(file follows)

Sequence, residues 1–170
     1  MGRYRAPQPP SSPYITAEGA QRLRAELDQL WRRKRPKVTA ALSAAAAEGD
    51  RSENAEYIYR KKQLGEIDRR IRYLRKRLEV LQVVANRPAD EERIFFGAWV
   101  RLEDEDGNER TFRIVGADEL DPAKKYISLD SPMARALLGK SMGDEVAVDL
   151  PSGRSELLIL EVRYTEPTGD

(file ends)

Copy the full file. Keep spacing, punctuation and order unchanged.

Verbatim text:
Sequence, residues 1–170
     1  MGRYRAPQPP SSPYITAEGA QRLRAELDQL WRRKRPKVTA ALSAAAAEGD
    51  RSENAEYIYR KKQLGEIDRR IRYLRKRLEV LQVVANRPAD EERIFFGAWV
   101  RLEDEDGNER TFRIVGADEL DPAKKYISLD SPMARALLGK SMGDEVAVDL
   151  PSGRSELLIL EVRYTEPTGD